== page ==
Carla Haworth, Nathaniel’s mom explained the condition that Nathaniel suffers from. Pervasive developmental disorder or PDD, means it’s through every part of his system, his social, emotional and communication. It affects all of him. She had nothing but praise for the group of children who interact with her son.

 “I think they’re all great, when I see little videos of some of you interacting with him [Nathaniel] I watch how encouraging you are and how patient you are with him. How you want him to be a part of it. I think it’s a wonderful thing-I’m very proud, proud of you guys” she said.

Some of the group will embark on a new journey come this fall. They will move on to high school, away from their “safe zone.” Children with autism often have a resistance to change, but volunteers in the group are looking forward to it-asking their teachers how they will be able to help in High School.

Streit said “You know them better than anyone else, so you’re going to be their voice and watch out for them-standing up and being a good friend.”

Sherry Huddleston, mother of Dallas said every school year is scary and it’s hard to transition.

Haworth acknowledged the fears that a lot of parents in this case have, often wondering if their son or daughter is being treated unfairly, teased or bullied.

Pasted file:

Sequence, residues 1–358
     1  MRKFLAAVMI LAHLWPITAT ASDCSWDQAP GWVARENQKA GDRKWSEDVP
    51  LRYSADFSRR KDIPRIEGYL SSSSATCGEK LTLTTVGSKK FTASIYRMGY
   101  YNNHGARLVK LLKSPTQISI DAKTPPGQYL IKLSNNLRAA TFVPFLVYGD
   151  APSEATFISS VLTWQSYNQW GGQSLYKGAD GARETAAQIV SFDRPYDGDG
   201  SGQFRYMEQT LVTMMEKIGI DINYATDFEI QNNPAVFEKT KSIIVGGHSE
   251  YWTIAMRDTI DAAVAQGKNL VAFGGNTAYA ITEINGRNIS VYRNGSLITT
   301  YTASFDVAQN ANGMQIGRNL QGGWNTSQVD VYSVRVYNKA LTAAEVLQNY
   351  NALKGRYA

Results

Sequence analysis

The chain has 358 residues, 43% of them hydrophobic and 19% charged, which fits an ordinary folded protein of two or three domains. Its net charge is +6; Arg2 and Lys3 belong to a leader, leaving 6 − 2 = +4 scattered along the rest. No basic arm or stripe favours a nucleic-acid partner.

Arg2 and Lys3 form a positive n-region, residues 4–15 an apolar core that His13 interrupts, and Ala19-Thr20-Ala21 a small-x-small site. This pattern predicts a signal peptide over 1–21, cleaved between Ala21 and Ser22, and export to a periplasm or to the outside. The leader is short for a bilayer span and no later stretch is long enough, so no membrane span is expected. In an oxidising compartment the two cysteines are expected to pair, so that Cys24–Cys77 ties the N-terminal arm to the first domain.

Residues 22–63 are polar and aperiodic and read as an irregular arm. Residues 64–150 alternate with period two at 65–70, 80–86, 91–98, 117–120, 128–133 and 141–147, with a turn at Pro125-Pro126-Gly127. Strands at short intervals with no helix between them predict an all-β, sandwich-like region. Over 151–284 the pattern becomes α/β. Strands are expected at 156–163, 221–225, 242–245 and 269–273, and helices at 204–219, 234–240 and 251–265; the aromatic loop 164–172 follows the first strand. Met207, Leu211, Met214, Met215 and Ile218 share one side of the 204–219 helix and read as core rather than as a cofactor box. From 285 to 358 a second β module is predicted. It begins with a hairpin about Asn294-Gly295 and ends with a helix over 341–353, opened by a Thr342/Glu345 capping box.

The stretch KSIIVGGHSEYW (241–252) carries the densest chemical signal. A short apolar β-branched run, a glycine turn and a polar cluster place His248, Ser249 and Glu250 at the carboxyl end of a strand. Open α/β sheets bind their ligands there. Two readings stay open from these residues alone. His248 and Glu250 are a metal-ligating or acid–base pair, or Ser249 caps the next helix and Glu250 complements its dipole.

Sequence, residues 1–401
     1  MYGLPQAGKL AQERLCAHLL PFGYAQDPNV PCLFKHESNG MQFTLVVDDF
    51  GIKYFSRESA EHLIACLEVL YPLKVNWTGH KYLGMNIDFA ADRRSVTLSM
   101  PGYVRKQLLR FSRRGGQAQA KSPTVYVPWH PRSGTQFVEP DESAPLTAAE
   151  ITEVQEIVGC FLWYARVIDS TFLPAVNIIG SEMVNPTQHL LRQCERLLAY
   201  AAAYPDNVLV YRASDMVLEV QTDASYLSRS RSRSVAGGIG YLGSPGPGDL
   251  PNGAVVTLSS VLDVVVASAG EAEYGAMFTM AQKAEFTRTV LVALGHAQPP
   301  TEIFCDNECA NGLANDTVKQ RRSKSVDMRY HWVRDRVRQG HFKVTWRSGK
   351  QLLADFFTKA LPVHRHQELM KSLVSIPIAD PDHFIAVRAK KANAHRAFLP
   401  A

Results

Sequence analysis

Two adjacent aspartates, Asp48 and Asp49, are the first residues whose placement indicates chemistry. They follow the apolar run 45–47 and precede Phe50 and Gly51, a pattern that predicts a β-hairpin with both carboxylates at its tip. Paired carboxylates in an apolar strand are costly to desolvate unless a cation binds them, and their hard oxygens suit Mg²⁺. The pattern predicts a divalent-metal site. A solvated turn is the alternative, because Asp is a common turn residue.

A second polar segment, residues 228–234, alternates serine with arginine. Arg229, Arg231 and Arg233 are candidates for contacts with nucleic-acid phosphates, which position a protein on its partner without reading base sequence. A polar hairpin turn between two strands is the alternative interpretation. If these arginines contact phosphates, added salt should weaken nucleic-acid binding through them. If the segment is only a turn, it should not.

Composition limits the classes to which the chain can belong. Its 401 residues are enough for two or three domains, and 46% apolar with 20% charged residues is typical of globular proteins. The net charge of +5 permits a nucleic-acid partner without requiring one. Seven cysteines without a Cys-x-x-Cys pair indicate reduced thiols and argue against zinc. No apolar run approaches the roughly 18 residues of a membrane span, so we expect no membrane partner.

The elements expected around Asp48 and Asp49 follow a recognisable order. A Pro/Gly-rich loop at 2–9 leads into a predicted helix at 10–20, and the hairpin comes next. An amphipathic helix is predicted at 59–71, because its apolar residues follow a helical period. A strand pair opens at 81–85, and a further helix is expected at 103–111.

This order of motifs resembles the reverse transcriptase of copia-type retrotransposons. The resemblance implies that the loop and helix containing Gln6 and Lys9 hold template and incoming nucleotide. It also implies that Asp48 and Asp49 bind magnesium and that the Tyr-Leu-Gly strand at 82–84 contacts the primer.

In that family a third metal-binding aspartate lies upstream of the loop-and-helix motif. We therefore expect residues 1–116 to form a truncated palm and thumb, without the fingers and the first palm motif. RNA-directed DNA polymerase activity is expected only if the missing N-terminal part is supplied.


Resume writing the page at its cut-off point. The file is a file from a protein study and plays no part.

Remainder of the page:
“In Nathaniel’s case he could never communicate that to me. He could never tell me if he is being bullied or mistreated because he can never conceptualize that. It may upset him, but I would have to be a good detective to find out.”

But circle of friends has alleviated some of that worry for these parents. “You’re out there, you have your eyes on him and you can see and step in if someone says something that’s not good. Maybe you can say, you don’t understand Nathaniel, this is the way he works” said Haworth. “You can be his voice to speak for him and that gives me great comfort that you’re out there and you’re for him and that’s really great and I appreciate it.”

The group does a lot of activities to promote inclusion such as making scarecrows for South and Middle School, carving pumpkins for nursing homes, making “I am thankful cards” for middle school staff, going on haunted hayrack rides, celebrating  thanksgiving dinner together or playing a big kid version of “Hungry, Hungry Hippo’s” with scooters, laundry baskets and balloons. 

But for this tight knit group of 24, Circle of Friends is more than just having fun, it’s about raising awareness about Autism. This month the group made a window display at school for National Autism Awareness month. Their fundraiser, “Change for Autism” raised $242.00 the first week and $505.00 after collecting the second week. Streit said it far exceeded her expectations in the first week. The money raised will be donated to Autism research.

They also designed shirts for the entire group that they all wear proudly.

 Autism; Amazing, Unforgettable, Trusting, Inspiring, Surprising and Misunderstood.

“I don’t know about you guys, but I think it turned out awesome!” said Streit about the first year of the program. 

And I think everyone involved would agree: It truly is awesome.